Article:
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AASU nursing students to study in China
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The Far East is nearly within reach for a handful of nursing and health-care students at Armstrong Atlantic University who have been selected for a new study abroad program. AASU’s Office of International Education received a $16,000 grant that will help foot the bill for 14 students to learn about Chinese medicine next summer.
The grant was awarded by the Confucius Institute at Kennesaw State University in Kennesaw, which was jointly established by KSU, Yangzhou University in China and the CI’s international headquarters, the Office of Chinese Language Council International.
Shelley Conroy, dean of the college of health professions, said the grant is the result of more than a year of collaboration among Ken Jin of the KSU institute, Dean Lily Young of Yangzhou University and the OCLCI.
Conroy said the partnership between KSU and AASU grew out of a trip that Jin and AASU health professions faculty took to China more than 10 years ago, and was fortified by Conroy’s recounting of her own Chinese study abroad experiences while working at Weber State University.
“[AASU faculty] expressed great enthusiasm for developing an interdisciplinary study abroad trip to focus on traditional Chinese medicine in the college, and of the exploration of partnerships with Chinese health-professions universities,” she said. “We worked with the Confucius Institute for about nine months to connect with our sister Chinese university and secure the grant funding award for this trip.”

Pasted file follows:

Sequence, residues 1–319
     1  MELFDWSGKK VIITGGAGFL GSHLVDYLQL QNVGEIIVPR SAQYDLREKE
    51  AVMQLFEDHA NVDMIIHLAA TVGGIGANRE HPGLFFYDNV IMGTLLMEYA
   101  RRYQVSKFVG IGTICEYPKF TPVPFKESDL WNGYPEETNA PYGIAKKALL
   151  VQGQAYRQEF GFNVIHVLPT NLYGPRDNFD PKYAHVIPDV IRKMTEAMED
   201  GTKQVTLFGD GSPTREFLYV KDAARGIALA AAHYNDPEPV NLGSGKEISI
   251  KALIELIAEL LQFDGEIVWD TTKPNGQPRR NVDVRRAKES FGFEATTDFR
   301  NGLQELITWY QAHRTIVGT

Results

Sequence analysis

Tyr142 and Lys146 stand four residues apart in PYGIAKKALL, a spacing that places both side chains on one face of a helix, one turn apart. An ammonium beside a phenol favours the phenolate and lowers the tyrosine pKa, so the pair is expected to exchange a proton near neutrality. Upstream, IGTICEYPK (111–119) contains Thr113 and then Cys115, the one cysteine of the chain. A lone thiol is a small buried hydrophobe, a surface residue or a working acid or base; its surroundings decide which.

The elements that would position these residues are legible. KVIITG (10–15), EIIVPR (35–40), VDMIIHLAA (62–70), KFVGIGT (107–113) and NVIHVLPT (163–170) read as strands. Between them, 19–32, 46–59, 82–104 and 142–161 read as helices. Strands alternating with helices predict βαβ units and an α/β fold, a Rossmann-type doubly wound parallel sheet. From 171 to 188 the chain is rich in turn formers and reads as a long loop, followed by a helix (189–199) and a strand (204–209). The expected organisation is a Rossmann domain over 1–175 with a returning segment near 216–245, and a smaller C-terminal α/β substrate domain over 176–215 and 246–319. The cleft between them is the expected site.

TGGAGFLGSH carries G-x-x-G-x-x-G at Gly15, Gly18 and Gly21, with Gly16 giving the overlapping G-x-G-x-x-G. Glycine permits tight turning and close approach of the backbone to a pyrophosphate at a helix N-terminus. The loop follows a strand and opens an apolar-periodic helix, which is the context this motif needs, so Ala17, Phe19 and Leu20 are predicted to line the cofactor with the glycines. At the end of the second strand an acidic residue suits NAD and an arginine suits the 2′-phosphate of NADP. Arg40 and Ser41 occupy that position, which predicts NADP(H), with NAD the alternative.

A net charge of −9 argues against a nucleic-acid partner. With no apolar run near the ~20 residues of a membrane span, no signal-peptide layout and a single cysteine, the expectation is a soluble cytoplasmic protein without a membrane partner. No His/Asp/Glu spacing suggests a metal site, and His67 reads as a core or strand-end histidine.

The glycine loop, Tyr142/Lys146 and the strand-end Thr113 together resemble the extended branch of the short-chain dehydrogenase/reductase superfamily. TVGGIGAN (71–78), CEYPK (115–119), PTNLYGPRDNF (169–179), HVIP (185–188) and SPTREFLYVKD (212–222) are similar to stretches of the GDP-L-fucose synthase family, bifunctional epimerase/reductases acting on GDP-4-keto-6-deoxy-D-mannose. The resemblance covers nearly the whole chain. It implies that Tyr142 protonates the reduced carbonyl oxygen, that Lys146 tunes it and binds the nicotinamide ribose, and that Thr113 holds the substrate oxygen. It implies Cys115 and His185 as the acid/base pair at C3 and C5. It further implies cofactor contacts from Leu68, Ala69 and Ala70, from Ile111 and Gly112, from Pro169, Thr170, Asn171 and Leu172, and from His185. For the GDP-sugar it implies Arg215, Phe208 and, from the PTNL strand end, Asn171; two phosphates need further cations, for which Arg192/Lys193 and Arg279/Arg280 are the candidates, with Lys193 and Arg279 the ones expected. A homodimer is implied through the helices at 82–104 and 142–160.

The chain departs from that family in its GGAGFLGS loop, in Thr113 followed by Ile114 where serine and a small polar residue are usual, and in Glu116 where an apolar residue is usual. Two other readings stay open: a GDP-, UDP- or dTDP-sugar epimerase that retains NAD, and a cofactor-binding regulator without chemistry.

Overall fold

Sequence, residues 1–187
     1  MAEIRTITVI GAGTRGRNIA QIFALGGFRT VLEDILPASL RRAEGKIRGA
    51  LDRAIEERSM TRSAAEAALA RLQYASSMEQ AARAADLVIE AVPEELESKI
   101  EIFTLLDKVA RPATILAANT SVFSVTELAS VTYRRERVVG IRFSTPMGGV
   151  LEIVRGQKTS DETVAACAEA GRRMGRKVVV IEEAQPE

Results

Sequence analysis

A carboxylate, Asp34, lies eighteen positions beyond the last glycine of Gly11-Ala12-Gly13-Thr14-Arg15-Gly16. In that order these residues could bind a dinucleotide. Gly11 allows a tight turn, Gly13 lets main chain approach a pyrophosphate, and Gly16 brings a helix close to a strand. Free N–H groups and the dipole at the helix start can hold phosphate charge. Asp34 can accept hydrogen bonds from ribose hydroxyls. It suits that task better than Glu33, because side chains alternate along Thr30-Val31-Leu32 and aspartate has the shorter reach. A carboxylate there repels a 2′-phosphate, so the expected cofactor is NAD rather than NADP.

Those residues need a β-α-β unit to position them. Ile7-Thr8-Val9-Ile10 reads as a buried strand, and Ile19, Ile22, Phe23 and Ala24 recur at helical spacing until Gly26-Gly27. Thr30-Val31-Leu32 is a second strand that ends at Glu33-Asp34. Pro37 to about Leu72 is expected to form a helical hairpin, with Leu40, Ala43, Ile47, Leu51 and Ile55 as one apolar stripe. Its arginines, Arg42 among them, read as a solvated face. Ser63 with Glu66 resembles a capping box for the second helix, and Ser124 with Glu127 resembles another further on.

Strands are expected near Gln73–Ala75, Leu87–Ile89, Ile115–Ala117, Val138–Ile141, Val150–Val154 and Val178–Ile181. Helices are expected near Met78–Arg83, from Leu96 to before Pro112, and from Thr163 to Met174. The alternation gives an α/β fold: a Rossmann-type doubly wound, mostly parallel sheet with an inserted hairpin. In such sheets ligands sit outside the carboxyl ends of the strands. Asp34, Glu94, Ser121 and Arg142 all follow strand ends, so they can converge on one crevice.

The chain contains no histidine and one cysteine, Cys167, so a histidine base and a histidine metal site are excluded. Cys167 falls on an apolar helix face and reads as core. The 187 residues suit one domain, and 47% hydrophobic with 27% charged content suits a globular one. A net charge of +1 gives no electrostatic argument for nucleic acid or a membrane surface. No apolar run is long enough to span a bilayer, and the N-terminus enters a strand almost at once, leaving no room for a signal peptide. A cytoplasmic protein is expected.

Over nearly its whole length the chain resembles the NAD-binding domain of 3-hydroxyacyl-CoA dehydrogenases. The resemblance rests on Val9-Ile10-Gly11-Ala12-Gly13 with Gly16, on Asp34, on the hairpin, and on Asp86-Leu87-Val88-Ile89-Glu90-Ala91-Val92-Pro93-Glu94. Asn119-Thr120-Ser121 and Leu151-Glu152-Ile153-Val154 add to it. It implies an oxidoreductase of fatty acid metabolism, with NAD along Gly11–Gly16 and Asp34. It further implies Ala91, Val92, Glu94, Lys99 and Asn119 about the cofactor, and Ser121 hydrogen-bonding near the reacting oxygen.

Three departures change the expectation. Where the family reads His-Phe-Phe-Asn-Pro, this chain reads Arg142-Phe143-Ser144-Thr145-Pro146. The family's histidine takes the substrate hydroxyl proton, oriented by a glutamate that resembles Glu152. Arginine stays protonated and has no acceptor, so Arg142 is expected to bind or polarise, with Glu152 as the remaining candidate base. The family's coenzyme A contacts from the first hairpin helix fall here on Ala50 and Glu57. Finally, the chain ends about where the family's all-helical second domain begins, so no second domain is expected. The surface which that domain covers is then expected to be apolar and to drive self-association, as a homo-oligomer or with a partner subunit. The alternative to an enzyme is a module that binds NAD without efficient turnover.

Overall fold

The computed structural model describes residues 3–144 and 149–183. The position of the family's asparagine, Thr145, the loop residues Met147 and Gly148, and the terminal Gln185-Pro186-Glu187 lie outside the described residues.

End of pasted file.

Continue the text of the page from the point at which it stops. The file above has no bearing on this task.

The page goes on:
Jim Anderson, special assistant to the vice president for international education, said nearly 3 percent of
AASU’s full-time equivalent students choose to study abroad each year.
“AASU’s study abroad enrollments have increased, from about 15 students eight years ago to 140 each year for the past two to three years. We run about 14 summer programs on our own and collaborate with USG programs for another six,” Anderson said.
AASU added programs in Asia in the past three years and is running a program in Africa this summer in collaboration with Savannah State University. He said more students in health professions than in other areas of study have participated in overseas programs.
“Because of our strong Spanish programs, the highest area of concentration is in Latin America. We have programs in Mexico, Belize, Brazil, Argentina and Chile,” Anderson said.
Students who travel overseas to study are briefed on health and safety and given guidelines for interacting with fellow students. “All students are provided a study abroad  handbook, a wallet size emergency contact card for the country they are visiting and numbers here in Savannah, and a health/accident insurance policy,” Anderson said.
The CI grant will cover roughly half the students’ travel expenses for the China trip; they will attend lectures and tour landmarks in collaboration with the College of Overseas Education at Yangzhou University.
“It is a significant help to students who may be interested in participating in a study abroad trip to China, but who may have limited financial options,” said Helen Taggart, who serves as interim head of the AASU nursing department and will be one of two faculty members traveling with the student group this summer.
Taggart said the subject matter is relevant because many traditional Chinese medicine methodologies are incorporated into Western medicine in the U.S. “Forms of Chinese medicine such as acupuncture and t’ai chi exercise are accepted as part of the holistic approach to health care,” she said.
 “As nurses, it will also be important to understand multicultural approaches to health care in order to have the best impact on health outcomes,” she said. “Immersion in Chinese culture is the best way to really gain an understanding and appreciation of non-Western culture and health-care traditions.”

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